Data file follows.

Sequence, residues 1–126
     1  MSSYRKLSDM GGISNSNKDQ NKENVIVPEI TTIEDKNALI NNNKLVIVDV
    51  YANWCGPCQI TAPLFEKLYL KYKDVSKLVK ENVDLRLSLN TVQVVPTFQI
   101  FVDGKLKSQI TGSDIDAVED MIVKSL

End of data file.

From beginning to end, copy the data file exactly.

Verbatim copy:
Sequence, residues 1–126
     1  MSSYRKLSDM GGISNSNKDQ NKENVIVPEI TTIEDKNALI NNNKLVIVDV
    51  YANWCGPCQI TAPLFEKLYL KYKDVSKLVK ENVDLRLSLN TVQVVPTFQI
   101  FVDGKLKSQI TGSDIDAVED MIVKSL